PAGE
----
The Cathars also believed in the equality of women, and women could choose to become a Perfect, and many noblewomen in the region chose to leave their comfortable, privileged lives to set up Cathar houses in towns, where they taught young women to spin and weave and lived simple, frugal, productive lives. As the Catholic Church was as rooted in the temporal as much as the spiritual, it is easy to see why they were so repulsed by these beliefs. The medieval Church required obedience to an established set of rules, and brooked absolutely no dissent. The earthly power of Rome could be seen in the huge Cathedrals that were lavishly decorated, the acres of church estates, the tithes they collected from the populace and the wealth and pomp of the clergy. The fact that the lives of the Perfect more closely mirrored the life of Jesus than that of the average medieval bishop stung, and that the Cathars encouraged their followers to dismiss the teaching of the Church and even regard them with derision was like a red rag to a bull.

The Cathars were not particularly into written records or even religious texts, although they embraced parts of the New Testament and Jesus’ message of love, peace, tolerance and acceptance of all peoples. One of the things that the Catholic Church found abhorrent was the fact that the Cathars denied that Jesus could possibly have incarnated into this material, corrupt world and still remain the divine son of God. As far as the Cathars were concerned, any being on this planet was bound by it and was removed from the spiritual realms, and so could not be regarded as numinous in any way. Therefore the crucifixion and the symbol of the cross had no importance for them. The Church could not even scare the Cathars witless with the threat of eternal damnation as they did their own faithful, because as far as the Cathars were concerned they were already in hell by being on Earth.

The sacraments of the Church were also disregarded as being of the material world they were inherently evil, and the Cathar faith only had one sacrament or rite, the consolamentum. The consolamentum was the mechanism by which a Perfect was created, and could only be administered by another Perfect. This linked each new Perfect to the Perfect who had given them the rite, and it was thought that these links had been unbroken since the time of Christ and his apostles. The consolamentum consisted of the laying on of hands and repeated admonitions to lead a life of flawless simplicity, poverty and holiness. When a Perfect was approached by a credente, the credente would undertake the melioramentum which consisted of bowing and saying a prayer that asked for a good end to their life.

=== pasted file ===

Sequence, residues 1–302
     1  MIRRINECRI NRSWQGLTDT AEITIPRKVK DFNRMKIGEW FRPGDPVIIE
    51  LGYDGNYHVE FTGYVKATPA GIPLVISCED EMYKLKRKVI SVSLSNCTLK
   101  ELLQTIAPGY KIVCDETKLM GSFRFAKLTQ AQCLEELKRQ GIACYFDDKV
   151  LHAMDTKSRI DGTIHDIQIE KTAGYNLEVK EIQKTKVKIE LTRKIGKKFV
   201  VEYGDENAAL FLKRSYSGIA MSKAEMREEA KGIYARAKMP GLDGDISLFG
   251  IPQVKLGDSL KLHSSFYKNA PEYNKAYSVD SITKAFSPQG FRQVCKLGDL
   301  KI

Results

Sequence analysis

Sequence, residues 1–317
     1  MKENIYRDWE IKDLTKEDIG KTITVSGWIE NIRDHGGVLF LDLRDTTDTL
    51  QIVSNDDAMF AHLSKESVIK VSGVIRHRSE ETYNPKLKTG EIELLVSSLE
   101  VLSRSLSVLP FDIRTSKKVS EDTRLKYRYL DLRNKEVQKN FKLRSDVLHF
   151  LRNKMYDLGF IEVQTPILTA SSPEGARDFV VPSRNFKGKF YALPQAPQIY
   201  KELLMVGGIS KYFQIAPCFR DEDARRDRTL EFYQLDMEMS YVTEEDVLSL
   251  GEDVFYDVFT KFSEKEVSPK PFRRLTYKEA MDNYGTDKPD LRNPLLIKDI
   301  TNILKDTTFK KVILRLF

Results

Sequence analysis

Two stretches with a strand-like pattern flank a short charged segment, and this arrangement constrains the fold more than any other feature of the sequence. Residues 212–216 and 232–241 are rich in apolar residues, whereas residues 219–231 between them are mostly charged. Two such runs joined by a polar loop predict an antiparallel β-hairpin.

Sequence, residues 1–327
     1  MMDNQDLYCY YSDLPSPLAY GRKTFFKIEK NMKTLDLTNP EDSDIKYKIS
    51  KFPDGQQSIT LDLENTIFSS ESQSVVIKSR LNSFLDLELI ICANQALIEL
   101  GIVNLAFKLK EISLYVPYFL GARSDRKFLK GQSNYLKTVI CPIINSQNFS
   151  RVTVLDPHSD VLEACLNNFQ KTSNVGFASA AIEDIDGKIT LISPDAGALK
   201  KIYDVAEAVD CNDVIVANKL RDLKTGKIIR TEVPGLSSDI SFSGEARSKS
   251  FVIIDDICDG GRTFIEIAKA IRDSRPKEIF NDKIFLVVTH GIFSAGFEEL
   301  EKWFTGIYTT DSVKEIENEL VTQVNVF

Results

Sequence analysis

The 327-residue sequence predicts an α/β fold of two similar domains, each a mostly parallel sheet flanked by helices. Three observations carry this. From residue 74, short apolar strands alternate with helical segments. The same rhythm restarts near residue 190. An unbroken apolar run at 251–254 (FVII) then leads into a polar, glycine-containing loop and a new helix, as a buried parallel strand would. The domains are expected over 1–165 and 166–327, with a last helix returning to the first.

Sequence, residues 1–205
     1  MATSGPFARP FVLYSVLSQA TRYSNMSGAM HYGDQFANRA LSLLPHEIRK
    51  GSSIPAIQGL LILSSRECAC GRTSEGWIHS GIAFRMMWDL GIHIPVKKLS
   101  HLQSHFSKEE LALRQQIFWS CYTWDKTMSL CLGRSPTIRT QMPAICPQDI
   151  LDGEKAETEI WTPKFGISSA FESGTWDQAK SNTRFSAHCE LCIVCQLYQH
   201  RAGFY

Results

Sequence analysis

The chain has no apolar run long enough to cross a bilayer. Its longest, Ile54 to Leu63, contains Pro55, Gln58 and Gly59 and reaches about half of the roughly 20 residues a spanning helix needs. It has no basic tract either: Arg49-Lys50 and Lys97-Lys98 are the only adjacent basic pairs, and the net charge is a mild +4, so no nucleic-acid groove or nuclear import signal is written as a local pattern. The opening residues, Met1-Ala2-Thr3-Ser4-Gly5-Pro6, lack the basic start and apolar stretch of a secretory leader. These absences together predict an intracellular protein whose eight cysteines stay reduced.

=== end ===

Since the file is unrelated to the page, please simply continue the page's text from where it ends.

The word Cathar is thought to be derived from a Greek word Katheroi which means ‘pure ones’. The Cathars themselves simply referred to themselves as ‘good Christians’ or ‘good men’ or ‘good women’. Catharism permeated all levels of Languedoc society, from the castles of the nobles, to the shops of the merchants and the cottages of the peasants. Many a nobleman counted a Perfect as a member of his family, and several of their wives left them to form a Cathar house for women.  Even if someone did not believe in the tenets of Catharism, they often still sympathised with them, as they saw the Cathar Perfect lead simple, holy lives which were often in direct contrast to the corruption and low morals exhibited by their own clergy. 

Many of the senior clergy of the Catholic Church acknowledged that the behaviour of some of their own brethren left much to be desired and that many of the accusations against them were justified, but this was still not reason enough to let the Cathar faith grow and flourish. If a large part of the population of the Languedoc were allowed to pay little attention to the bullying and manipulation of the Church, the Church would lose its grip on the region and, even worse, the rot could spread leading to a loss of power and revenue and abject humiliation.


Initially, Rome instigated peaceful attempts to convert the heretic Cathars back to the true faith, by sending Dominican monks into the region to preach and cajole the populace back into submission. They engaged the Cathar Perfect in wars of words, with long public debates often held in front of large crowds. But they found that the Cathar preachers were skilled orators and debaters, who also had a gift for making the envoys of the Church and their teaching look both ridiculous and hypocritical, without sliding into outright heresy. Events escalated with the murder of the Papal Legate, Pierre de Castelnau, on 15th January 1208, by a knight of Count Raymond VI of Toulouse. A crusade was preached against the Languedoc by the Church in Rome and undertaken with a great deal of vigour and enthusiasm by the King of France and the nobility of northern Europe. It is sometimes called the Albigensian Crusade, and the massed armies of the North laid waste to the towns and fertile farmlands of the Languedoc, and everywhere they went they undertook mass burnings and torture of the Cathar Perfect and their sympathisers. 

When the Crusade eventually broke up and the knights with their troops and siege engines returned home, the newly formed Inquisition took over and spent the following decades ferreting out the remnants of the Cathar faith, questioning them, torturing them and finally turning them over to the secular authorities so that their bodies could be burned.  This crusade eventually led to the region being brought under the direct control of the French crown, but the economy and vibrant culture of the Languedoc had been fatally wounded. Even now, hundreds of years later, this is not one of the richer parts of France, and it could be said that Languedoc never really recovered against this brutal assault against its own people.

Montsegur Image Jean-Yves Didier Wikimedia Creative Commons Attribution Share Alike 3.0 Unported
Carcassone Image Colocho Wikimedia Creative Commons Attribution Share 2.5 Generic